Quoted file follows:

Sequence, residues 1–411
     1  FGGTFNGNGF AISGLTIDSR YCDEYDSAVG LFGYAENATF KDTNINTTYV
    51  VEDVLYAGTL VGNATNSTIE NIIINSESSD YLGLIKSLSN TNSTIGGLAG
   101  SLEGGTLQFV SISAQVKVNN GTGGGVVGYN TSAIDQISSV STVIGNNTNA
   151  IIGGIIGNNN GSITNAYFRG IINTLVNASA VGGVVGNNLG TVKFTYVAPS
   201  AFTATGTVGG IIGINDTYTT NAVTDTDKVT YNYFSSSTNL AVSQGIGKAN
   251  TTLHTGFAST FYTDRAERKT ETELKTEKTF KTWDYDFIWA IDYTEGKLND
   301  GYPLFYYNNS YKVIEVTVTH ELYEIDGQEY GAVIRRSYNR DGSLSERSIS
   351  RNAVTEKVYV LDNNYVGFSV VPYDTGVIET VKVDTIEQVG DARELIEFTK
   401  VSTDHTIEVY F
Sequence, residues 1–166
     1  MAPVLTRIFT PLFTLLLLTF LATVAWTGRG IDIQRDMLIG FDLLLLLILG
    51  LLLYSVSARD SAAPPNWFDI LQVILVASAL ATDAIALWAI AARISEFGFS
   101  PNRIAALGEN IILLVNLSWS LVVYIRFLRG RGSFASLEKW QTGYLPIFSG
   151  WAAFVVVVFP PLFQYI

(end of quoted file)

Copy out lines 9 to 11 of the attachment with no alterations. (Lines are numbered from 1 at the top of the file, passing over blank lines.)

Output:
   351  RNAVTEKVYV LDNNYVGFSV VPYDTGVIET VKVDTIEQVG DARELIEFTK
   401  VSTDHTIEVY F
Sequence, residues 1–166